Take to the skies for female kind

Jackie Book, a pilot for 17 years, stands in front of aircraft on display at the Oshawa Airport.
Jackie Book, a pilot for 17 years, stands in front of aircraft on display at the Oshawa Airport.

In Canada, fewer than six per cent of employees working as pilots, flight instructors or flight engineers are female, according to the latest census.

Amelia Earhart, a famous woman of aviation once said, “You haven’t seen a tree until you’ve seen its shadow from the sky.”

She pioneered the way for women of aviation, and that achievement is celebrated each year for a week in March coinciding with International Women’s Day.

To celebrate Women of Aviation Week recently, female pilots and other experts in the field gathered at the Oshawa Airport to answer questions from the public. They also took a few lucky ladies up in a small airplane for a short ride in the clouds above Oshawa.

Jackie Book, a pilot for the last 17 years, has flown about two thousand military hours and teaches new pilots the ropes.

“I’ve always liked flying but at the time I was going to the [university] and they came out with an incredible commercial aviation management program and that’s when I joined that program and I realized I loved flying and ever since then I’ve never looked back,” she said.

Book says there are a disproportionate number of women in her field and she’s trying to encourage more to take up aviation.

“It’s a great career, and unfortunately, we don’t have that many ladies compared to men in the program,” she said.

Book loves all aspects of flying. “The people that you get to fly with, the places that you get to go and obviously the aircraft you get to fly – phenomenal,” she said. “I’m so happy to be able to influence young ladies coming into the flying career.”

She belongs to the 99s, a non-profit international organization of women from 36 countries around the world that promotes females in the industry through scholarships, support and education. According to the organization’s website, almost every female pilot in the world will belong to the 99s at some point in their career. There are 10 Canadian chapters with six in Ontario and four in Western Canada. Amelia Earhart was the organization’s first president in 1929.

Not all women of aviation are pilots. There are a number of other careers involving air traffic and safety.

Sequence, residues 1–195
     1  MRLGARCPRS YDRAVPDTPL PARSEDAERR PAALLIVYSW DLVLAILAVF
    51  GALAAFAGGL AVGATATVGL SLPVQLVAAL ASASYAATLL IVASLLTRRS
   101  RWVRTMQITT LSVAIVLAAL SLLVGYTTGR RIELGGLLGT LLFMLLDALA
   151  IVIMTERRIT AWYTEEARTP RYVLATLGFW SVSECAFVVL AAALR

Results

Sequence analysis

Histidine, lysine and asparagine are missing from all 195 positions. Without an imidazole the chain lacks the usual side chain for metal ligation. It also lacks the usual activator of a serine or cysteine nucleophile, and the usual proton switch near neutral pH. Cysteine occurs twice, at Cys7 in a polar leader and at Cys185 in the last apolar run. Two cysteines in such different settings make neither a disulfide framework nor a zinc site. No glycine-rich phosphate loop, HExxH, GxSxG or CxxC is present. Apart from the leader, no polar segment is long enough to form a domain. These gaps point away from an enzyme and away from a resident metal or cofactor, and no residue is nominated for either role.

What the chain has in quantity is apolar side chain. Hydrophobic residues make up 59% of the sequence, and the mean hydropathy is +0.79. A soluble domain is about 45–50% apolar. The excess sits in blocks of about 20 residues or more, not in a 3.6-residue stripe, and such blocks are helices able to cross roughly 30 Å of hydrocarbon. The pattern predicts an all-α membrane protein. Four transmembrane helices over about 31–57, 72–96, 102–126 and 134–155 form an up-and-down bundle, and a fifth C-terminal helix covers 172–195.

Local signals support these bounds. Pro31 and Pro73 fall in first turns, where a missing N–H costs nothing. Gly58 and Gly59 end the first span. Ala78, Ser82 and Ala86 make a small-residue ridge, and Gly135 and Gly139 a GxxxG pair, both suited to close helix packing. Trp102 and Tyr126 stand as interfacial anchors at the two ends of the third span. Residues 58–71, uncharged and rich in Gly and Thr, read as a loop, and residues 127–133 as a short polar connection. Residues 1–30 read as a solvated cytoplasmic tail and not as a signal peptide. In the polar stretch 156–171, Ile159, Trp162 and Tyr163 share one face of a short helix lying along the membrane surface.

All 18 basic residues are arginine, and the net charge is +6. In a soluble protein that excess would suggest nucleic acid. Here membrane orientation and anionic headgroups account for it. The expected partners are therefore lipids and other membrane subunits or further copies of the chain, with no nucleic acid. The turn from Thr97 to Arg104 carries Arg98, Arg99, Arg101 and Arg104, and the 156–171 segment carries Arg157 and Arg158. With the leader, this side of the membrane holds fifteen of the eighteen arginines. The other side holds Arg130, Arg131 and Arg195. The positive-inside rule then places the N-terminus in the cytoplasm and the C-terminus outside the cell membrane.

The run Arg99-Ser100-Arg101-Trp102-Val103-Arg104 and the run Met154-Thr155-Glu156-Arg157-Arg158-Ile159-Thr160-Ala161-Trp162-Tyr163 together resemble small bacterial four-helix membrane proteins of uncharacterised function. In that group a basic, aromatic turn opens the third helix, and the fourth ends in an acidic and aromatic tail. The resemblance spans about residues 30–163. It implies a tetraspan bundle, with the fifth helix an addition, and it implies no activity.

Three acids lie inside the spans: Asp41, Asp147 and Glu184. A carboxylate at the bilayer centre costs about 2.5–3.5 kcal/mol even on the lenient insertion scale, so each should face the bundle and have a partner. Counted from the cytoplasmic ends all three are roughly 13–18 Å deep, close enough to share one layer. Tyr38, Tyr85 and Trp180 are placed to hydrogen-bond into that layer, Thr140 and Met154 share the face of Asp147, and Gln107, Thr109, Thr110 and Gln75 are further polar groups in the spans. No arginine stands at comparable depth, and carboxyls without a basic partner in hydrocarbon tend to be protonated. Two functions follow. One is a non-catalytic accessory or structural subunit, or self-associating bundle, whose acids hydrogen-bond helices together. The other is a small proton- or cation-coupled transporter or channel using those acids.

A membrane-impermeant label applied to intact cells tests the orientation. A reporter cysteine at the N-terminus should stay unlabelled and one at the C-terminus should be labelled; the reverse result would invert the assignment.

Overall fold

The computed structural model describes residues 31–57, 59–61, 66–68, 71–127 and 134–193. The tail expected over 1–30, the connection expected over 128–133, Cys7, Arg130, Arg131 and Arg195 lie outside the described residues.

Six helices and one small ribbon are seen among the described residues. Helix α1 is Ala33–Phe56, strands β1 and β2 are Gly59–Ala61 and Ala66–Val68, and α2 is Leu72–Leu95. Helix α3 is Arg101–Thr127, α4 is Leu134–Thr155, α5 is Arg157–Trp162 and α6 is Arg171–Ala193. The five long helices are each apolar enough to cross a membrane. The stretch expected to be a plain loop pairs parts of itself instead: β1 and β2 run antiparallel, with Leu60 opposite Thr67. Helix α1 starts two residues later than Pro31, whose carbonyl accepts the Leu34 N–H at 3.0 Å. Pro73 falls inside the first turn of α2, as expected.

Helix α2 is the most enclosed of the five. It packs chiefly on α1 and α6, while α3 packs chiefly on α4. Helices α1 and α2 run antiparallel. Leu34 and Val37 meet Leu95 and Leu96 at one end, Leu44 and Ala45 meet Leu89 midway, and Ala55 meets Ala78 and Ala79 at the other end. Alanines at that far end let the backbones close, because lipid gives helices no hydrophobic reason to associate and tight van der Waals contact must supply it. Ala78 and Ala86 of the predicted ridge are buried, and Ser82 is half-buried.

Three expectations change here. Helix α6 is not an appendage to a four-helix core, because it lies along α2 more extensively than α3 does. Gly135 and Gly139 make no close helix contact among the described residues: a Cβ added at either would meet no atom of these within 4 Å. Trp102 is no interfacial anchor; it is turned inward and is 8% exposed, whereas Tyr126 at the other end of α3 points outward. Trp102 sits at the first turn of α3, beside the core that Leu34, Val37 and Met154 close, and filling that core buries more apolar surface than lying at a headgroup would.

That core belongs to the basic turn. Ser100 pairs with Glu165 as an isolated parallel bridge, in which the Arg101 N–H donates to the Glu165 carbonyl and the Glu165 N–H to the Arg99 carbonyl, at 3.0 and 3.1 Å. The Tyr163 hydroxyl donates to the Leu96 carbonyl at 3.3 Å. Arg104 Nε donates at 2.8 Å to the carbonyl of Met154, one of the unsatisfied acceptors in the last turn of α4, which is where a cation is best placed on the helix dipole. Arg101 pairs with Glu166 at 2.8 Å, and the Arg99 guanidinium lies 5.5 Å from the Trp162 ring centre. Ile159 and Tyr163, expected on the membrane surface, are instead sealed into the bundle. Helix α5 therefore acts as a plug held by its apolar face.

Leslie Calhoun is the manager of operational training at NAV Canada. She is responsible for national recruitment, and oversees all job training for all air traffic controllers across the country.

“I was about 20 years old and just near the end of my undergraduate degree at the University of Windsor, questioning my career path. I considered and researched many careers. I was searching for something rewarding, both personally and financially,” she said. “When I finally did get to meet someone that did the job, what really struck me is how much they loved it and how happy they were.”

Calhoun said free flights are a myth and although the job is stressful, she’s glad she pursued air traffic control as a career. She has worked for the last 23 years as an air traffic controller and manager for NAV Canada.

Kim Winsor is a pilot for Air Canada, something she has always wanted to do. She worked her way through the skies for several years before landing her dream job.

“I instructed for three years with the flight school, then I went on to fly with Provincial Airlines, which the flight school was owned by. I was flying throughout Newfoundland and Labrador, also did a couple flights into Greenland,” she said.

Winsor enjoyed flying above Eastern Canada, and appreciated the beautiful landscapes beneath her wings.

“My next step was flying with CanJet Airlines on the 737 as a first officer. This was a great airline. Unfortunately, it was short-lived as six months after I started to work there they actually shut down operations,” said Winsor. “I was forced to find another job.”

Winsor went on to have a job with SunWing Airlines for eight months before receiving a call from Air Canada, and her dream became a reality.

Glennis Walsh is also an Air Canada pilot, and she got her career started through the Air Cadets.

“I am a huge advocate for the Air Cadet program and what they can do for you,” she said. “My brother is an Air Canada pilot and he got his licence through Air Cadets and our father who is also an airline pilot also got his licence through Air Cadets.”

Walsh says her inspiration for becoming a pilot came from her father.

“He was an airline pilot and absolutely loved his job. One of the best days of flying was being able to go flying with my dad in a 152 after I got my licence,” she said.

Walsh has flown a number of well-known people, including Jack Layton in 2008.

“That was a real honour doing that flying. We got to fly to places like Thompson, Manitoba, stuff that would not normally be on an Air Canada route schedule. It was a real fantastic opportunity.”

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